This article is about the song from The Sound of Music. For the syllables of the major scale, see Solfège. For other uses, see Do Re Mi (disambiguation).
Song from The Sound of Music
Published 1959
Writer(s) Oscar Hammerstein II
Composer(s) Richard Rodgers

"Do-Re-Mi" is a show tune from the 1959 Rodgers and Hammerstein musical The Sound of Music. Within the story, it is used by Maria to teach the notes of the major musical scale to the Von Trapp children who learn to sing for the first time, even though their father disallowed frivolity after their mother's death. Each syllable of the musical solfège system appears in the song's lyrics, sung on the pitch it names. Rodgers was helped in its creation by long-time arranger Trude Rittmann who devised the extended vocal sequence in the song. According to assistant conductor Peter Howard, the heart of the number in which Maria assigns a musical tone to each child, like so many Swiss bell ringers was devised in rehearsal by Rittmann (who was credited for choral arrangements) and choreographer Joe Layton. The fourteen note and tune lyric 'when you know the notes to sing...' were provided by Rodgers and Hammerstein; the rest, apparently, came from Rittmann. Howard: 'Rodgers allowed her to do whatever she liked. When we started doing the staging of it, Joe took over. He asked Trude for certain parts to be repeated, certain embellishments.'[1]

In the stage version, Maria sings this song in the living room of Captain von Trapp's house, shortly after she introduces herself to the children. However, when Ernest Lehman adapted the stage script into a screenplay for the 1965 film adaptation, he moved the song to later on in the story. In the film, Maria and the children sing this song over a montage as they wander and frolic over Salzburg. Later on, in both the film and stage versions, a more intricate reprise of the song is sung in the style of a Bach cantata, showing the audience how versatile they were at multi-part choral singing.

The tune finished at #88 in AFI's 100 Years...100 Songs survey of the top tunes in American cinema in 2004.

Word meanings

(For the actual origins of the solfège, refer to Solfège.)

The lyrics teach the solfège syllables by linking them with English homophones (or near-homophones):

As the song concludes, "When you know the notes to sing, you can sing most anything'".

Author Douglas Adams noted in his article "Unfinished Business of the Century" that, while each line of the lyric takes the name of a note from the solfège scale, and gives its meaning, "La, a note to follow So..." does not fit that pattern and should be considered a placeholder. Adams humorously imagined that Oscar Hammerstein just wrote "a note to follow So" and thought he would have another look at it later, but could not come up with anything better.[2]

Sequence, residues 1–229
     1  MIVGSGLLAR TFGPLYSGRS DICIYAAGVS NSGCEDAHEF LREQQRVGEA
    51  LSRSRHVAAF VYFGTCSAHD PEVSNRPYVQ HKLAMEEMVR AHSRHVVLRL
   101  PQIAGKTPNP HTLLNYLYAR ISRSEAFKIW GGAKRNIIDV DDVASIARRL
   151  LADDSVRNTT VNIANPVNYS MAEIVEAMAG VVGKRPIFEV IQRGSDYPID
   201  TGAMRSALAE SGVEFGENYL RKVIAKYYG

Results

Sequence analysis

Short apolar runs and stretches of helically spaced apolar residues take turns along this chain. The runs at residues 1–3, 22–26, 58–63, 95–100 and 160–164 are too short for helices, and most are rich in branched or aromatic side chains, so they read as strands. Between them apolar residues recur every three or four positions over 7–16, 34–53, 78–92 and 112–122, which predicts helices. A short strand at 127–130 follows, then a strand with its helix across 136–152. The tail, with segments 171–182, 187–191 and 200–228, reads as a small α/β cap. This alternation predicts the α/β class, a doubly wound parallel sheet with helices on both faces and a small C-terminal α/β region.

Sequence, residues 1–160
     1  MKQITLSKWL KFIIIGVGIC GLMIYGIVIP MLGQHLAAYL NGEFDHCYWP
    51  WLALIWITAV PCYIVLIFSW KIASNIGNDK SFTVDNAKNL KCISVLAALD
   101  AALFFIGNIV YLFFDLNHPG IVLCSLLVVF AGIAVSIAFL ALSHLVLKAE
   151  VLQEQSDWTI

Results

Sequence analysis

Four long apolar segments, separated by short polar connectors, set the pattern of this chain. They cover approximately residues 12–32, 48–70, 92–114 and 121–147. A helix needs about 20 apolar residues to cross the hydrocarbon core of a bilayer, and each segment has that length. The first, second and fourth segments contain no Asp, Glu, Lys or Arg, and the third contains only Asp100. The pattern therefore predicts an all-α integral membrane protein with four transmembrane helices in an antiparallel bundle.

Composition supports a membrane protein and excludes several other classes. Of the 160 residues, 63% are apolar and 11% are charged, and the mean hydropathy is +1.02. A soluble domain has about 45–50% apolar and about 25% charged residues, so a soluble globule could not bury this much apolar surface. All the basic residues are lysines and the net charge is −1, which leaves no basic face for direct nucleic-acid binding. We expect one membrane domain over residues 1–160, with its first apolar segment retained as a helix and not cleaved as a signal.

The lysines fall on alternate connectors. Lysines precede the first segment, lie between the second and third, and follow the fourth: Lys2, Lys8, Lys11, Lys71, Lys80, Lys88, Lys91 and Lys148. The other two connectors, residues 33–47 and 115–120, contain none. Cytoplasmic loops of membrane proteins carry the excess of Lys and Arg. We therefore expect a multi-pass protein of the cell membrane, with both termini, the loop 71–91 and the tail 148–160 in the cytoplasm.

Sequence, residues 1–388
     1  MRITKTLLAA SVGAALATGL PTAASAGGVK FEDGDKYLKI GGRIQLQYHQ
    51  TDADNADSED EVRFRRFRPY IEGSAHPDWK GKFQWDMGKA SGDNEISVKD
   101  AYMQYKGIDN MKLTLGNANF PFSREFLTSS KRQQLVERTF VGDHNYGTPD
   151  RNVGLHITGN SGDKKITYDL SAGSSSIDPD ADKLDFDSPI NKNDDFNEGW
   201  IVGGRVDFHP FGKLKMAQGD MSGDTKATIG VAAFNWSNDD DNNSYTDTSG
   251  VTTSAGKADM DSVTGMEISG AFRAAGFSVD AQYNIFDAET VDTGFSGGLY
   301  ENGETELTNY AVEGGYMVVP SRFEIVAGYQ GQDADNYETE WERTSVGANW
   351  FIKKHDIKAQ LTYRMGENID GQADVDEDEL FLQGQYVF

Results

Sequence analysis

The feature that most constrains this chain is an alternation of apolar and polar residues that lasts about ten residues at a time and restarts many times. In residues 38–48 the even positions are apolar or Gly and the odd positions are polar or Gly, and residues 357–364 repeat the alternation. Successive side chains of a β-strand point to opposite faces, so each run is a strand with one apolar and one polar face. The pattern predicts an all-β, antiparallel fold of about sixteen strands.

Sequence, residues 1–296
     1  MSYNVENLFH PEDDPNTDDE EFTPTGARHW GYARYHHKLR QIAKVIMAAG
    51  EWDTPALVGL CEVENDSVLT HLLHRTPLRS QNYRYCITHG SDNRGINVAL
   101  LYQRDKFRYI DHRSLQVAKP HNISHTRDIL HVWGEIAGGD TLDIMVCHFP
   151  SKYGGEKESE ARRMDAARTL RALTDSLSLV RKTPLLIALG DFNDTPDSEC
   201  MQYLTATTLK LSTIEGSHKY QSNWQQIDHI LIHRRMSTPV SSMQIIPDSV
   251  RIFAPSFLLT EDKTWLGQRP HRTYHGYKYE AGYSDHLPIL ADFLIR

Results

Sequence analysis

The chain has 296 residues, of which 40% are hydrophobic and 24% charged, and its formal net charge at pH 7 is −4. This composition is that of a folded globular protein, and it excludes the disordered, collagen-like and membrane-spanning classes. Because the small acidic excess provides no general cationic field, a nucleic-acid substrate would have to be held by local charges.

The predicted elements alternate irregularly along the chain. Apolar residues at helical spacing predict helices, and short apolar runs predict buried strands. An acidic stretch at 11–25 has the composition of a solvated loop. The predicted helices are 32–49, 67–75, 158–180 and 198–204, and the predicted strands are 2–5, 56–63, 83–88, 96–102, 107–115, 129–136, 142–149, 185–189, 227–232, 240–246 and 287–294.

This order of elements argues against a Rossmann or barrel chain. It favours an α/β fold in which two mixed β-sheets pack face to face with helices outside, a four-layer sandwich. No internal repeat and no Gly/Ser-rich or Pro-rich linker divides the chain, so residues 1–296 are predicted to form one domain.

Anita Bryant released a version as a single in 1959 which reached #94 on the Billboard Hot 100.

Alvin and the Chipmunks covered the song for their 1965 album The Chipmunks Sing with Children.

The song was covered by the band Sparks on their album A Woofer in Tweeter's Clothing, where it is transposed to the key of C-sharp.

The chorus of the song is also regularly sung by football fans of the Scotland national football team, otherwise known as the Tartan Army.[3]

In a scene on the Simpsons episode "Bart Gets an Elephant", Homer crashes into a deer statue and blurts out his famous D'oh!. An upset Lisa says "A deer!", while Marge says "A female deer!". A sequence in a comic book features Sideshow Bob and his brother Cecil singing songs based on musicals, with the lyrics changed to reflect Bob's fantasies of killing Bart Simpson, including a parody of "Do-Re-Mi".

A Japanese version of the song (Do-Re-Mi no Uta), performed by Eri Itoh and the Children's Choir of the Forest, was used as the first opening for Nippon Animation's 1991 anime TV series version of The Story of the Trapp Family Singers, Trapp Ikka Monogatari; however, it was replaced by another song later in the series' run and on all home video releases of the series.[4]

Parodied in Ghostbusters II by Peter Venkman, Ray Stantz, and Egon Spengler when they powered up their proton packs before facing off against the Scoleri Brothers in the courtroom.

Used by "The Kids in the Hall" in a skit to cheer up a young boy and mother who lost their dog.

See also


  1. Suskin, Steven (2009). The sound of Broadway music: a book of orchestrators.
  2. Unfinished Business of the Century - h2g2, Sep. 1999
  3. Oliver, Brian (3 June 2001). "Why aren't England fans like the Tartan Army?". The Observer. Guardian News and Media. Retrieved 16 September 2013.
  4. Video on YouTube
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